This paper will be illustrated with pinhole photographs from my exhibition, Melbourne: Pinhole and some of my Figure in the Landscape images.

Associate Professor Nicholas Vardaxis,
School of Medical Sciences, RMIT University

Visuals In Pathology – A Syncretic Approach

Accurate representations of reality underpin effective diagnosis of disease, precise communication of information, and efficient teaching and learning. An indispensable part of pathology is “the image” – be it an image of a patient, a cadaver on the autopsy table, a representation of a diseased organ, a micrograph of a tissue or an electron micrograph of a single cell in disease.

Initially, the visual representations of information that accompanied written treatises of disease were drawings and paintings. The advent of photography saw a great enhancement of information dissemination, with black and white images that were produced quickly and objectively. At the same time, this technique highlighted the loss of information that was inevitable from lack of colour of imaged objects. Colour photography overcame this and further developments in micrography and photography were paralleled by developments in optics, microscopy, physical sciences and technology.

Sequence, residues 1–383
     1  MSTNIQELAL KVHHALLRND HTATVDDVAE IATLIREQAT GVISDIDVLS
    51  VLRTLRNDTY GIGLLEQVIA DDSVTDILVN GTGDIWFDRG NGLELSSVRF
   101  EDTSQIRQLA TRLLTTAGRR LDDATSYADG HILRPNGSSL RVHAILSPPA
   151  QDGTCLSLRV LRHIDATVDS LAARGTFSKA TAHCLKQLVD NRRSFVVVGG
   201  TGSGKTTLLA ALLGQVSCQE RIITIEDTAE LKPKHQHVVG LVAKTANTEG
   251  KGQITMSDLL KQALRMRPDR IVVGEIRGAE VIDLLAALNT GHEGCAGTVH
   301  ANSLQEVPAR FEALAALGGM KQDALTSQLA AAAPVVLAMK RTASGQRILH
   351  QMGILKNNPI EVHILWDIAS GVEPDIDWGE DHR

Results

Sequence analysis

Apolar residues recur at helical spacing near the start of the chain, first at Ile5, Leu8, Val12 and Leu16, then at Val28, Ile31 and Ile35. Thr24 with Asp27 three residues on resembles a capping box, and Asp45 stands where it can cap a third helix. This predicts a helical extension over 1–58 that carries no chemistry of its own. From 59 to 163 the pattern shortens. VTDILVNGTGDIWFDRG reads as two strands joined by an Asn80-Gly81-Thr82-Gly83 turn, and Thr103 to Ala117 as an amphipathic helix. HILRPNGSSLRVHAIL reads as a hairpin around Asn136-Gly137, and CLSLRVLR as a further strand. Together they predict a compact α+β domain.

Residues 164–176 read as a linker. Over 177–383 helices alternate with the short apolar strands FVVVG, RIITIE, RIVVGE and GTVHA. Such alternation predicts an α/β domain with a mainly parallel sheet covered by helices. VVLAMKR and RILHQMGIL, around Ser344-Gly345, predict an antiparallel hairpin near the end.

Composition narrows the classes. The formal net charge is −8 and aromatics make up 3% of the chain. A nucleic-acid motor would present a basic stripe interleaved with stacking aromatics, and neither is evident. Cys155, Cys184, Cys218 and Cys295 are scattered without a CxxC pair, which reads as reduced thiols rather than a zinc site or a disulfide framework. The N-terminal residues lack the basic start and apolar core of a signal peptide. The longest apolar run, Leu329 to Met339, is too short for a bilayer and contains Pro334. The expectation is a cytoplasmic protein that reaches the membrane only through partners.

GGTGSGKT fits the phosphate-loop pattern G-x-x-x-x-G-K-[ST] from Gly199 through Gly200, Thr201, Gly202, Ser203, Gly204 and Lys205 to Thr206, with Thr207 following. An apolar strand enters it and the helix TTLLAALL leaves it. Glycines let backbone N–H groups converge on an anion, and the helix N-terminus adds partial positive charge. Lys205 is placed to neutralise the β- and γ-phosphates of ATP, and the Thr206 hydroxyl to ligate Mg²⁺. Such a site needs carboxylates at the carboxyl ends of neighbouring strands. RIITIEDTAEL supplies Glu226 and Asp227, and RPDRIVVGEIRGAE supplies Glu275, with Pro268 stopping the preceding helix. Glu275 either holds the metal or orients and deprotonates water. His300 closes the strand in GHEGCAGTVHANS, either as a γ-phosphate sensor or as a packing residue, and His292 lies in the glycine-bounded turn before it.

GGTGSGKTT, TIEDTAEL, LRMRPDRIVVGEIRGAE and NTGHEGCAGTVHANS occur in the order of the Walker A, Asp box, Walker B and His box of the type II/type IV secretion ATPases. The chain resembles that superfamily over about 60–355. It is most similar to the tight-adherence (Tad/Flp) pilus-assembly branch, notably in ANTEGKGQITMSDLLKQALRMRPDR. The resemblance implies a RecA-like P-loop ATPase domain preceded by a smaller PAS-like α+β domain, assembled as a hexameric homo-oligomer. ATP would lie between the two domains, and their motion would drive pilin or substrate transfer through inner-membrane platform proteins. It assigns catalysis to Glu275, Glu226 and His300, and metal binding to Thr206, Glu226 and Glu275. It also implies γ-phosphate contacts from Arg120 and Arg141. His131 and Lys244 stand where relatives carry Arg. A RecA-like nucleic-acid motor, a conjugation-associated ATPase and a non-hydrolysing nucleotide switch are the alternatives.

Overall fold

The digital revolution that we are experiencing for several years now is the latest and perhaps the most exciting development in medical illustration. It provides an opportunity for much innovation in diagnostics, telemedicine, medical records storage and retrieval, but also perhaps most importantly in teaching and learning.

This presentation examines these developments and highlights the modern approach to medical imaging, with special reference to pathology. It is a syncretic practice, drawing the best from each of its predecessors and adapting them into a unified whole that enhances our accurate representations of reality.

Professor A. Robin Williams
Director External Relations & International Education and Professor of Communication RMIT University

100 years of photographic imaging